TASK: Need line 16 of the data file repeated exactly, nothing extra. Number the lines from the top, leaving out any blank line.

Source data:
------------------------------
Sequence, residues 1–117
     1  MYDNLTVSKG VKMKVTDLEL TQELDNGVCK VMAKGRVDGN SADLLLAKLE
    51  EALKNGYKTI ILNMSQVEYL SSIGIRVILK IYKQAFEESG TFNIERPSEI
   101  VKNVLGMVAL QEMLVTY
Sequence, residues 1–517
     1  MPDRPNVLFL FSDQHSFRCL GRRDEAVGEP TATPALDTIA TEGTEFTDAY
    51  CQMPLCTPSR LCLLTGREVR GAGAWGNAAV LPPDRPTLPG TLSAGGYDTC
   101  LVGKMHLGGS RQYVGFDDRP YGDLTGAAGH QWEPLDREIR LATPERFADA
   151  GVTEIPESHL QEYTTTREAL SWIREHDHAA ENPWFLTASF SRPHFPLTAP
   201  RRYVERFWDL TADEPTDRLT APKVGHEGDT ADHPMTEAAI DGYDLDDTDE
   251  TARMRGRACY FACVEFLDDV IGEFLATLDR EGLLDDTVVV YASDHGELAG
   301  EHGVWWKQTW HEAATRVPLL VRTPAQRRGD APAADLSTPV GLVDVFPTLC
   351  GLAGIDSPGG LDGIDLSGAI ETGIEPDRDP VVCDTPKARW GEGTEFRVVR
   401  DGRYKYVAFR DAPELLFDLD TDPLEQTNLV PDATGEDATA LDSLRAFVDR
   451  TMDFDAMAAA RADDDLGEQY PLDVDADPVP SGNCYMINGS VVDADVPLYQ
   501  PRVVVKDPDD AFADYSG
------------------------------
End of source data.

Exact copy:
   501  PRVVVKDPDD AFADYSG